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There is a new version of efaLive available for download! As usual, you can find bug fixes and an updated version of efa in the images. The main news is that efaLive is available for the popular RaspberryPi now. You can find a SD card image in the download section. For more information, check the efaLive page.

Many bigger development projects require a more or less complex development environment. In this case I do not talk about the IDE, compiler etc., but all components that are required to run the project that is under development. Let's take a big web application that requires Apache, Tomcat and MySQL. All of these applications are customized in one way or the other. Each time a new developer needs to be ramped up for the project, just setting up the PC might take a day or even more.

To simplify this and keep away the complexity of the setup from developers, I started to experiment with VirtualBox virtual machines (VM). After a while I started to use more tools to make the setup and configuration of a development VM as flexible as possible. The current result is a setup that uses Packer, Docker, Vagrant and VirtualBox. All a new developer has to do when he/she starts to work on the project is to check out a Vagrant file, make a few configurations and run 'vagrant up'. This only takes a few minutes and after that a full setup for the development is in place.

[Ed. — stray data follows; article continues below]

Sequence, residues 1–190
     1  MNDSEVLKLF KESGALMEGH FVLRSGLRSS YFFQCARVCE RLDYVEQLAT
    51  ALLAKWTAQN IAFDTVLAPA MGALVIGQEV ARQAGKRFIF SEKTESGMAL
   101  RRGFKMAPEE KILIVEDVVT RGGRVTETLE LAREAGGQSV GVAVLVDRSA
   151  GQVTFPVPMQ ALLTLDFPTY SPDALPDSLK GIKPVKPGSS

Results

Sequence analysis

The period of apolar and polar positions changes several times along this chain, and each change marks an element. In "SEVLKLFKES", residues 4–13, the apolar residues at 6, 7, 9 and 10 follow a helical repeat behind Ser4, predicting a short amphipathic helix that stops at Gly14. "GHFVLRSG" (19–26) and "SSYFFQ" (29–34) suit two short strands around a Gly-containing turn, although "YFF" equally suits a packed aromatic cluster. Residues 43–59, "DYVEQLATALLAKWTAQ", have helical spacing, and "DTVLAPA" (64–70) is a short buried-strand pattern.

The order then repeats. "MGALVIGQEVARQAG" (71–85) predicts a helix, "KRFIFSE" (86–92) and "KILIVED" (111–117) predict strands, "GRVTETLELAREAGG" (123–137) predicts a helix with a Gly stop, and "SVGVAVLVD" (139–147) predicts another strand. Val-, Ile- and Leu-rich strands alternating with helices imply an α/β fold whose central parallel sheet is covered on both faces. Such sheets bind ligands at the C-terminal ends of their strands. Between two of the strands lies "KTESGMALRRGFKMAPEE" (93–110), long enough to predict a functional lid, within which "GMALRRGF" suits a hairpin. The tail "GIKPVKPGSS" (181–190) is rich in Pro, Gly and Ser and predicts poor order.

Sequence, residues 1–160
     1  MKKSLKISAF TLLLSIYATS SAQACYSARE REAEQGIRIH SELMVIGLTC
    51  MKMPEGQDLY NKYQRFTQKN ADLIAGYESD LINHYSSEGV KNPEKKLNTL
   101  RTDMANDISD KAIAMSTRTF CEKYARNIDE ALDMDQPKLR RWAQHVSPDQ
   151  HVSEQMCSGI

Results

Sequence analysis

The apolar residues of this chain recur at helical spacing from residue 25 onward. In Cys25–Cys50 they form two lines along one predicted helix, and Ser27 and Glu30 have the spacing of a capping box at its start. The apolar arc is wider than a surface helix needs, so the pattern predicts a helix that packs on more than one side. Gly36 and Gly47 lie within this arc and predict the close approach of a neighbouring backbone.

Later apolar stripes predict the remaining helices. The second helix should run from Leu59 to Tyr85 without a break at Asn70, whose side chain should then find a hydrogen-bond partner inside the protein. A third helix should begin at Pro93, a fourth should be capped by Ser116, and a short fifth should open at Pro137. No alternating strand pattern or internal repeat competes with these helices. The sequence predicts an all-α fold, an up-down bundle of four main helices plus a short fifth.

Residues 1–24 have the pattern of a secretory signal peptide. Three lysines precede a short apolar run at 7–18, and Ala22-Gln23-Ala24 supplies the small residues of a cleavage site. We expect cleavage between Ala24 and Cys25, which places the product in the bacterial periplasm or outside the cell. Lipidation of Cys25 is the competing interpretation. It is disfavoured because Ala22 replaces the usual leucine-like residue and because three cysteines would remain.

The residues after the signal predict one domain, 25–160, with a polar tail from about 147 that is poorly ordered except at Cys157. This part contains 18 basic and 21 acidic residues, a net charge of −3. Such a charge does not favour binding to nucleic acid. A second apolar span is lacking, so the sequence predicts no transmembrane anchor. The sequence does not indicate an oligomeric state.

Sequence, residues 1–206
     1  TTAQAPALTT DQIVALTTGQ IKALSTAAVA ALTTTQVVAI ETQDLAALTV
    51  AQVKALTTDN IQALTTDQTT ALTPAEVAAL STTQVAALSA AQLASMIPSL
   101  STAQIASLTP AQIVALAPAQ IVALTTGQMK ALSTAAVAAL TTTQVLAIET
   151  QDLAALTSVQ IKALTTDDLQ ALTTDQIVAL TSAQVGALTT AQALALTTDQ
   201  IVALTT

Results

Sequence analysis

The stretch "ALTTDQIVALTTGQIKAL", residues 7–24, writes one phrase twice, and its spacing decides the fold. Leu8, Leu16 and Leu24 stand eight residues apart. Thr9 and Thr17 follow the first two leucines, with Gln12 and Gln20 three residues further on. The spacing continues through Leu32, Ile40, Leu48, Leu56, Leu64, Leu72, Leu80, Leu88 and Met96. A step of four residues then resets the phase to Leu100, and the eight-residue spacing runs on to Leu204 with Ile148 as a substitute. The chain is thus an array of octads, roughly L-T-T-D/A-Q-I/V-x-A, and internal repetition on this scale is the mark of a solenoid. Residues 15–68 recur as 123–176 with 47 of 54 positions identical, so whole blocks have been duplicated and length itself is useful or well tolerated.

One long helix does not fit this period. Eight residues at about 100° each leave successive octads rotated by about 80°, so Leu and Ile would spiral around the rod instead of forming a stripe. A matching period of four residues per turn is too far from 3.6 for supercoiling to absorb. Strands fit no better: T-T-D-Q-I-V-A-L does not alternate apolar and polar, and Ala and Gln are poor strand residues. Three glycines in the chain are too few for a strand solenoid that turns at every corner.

Below, I will explain the tool chain a bit.

I just pushed efaLive 2.4 to the download section. The main difference, compared to the 2.3 release, is a task scheduler, which allows you to run commands periodically in the background and to configure automated backup e-mails. Besides that, the image size is below 700 MB again. So you can burn it to normal CDRs. For more details, check the efaLive page.

This is the first installation report after some time. Ok, it is not as detailed, as previous ones, but that is not necessary. I have created an installation report for Debian on the Tuxedo InfinityBook. The InfinityBook is my new notebook and I'm very happy with it. It is fully supported by Linux, light weight, small, quiet, powerful and has a fair price. What more could you wish?

If you are looking for a new notebook with Ultrabook specs that is supported by Linux, check my special page for the InfinityBook.

Finally, I managed to create a first beta image of efaLive for the Raspberry Pi. I have tested it on a Raspberry Pi 1B. It more or less works as described in the efaLive documentation. Besides the users efa and root, you have the default pi user. The language and keyboard layout is English per default. Feel free to test the image. For more information check the efaLive page.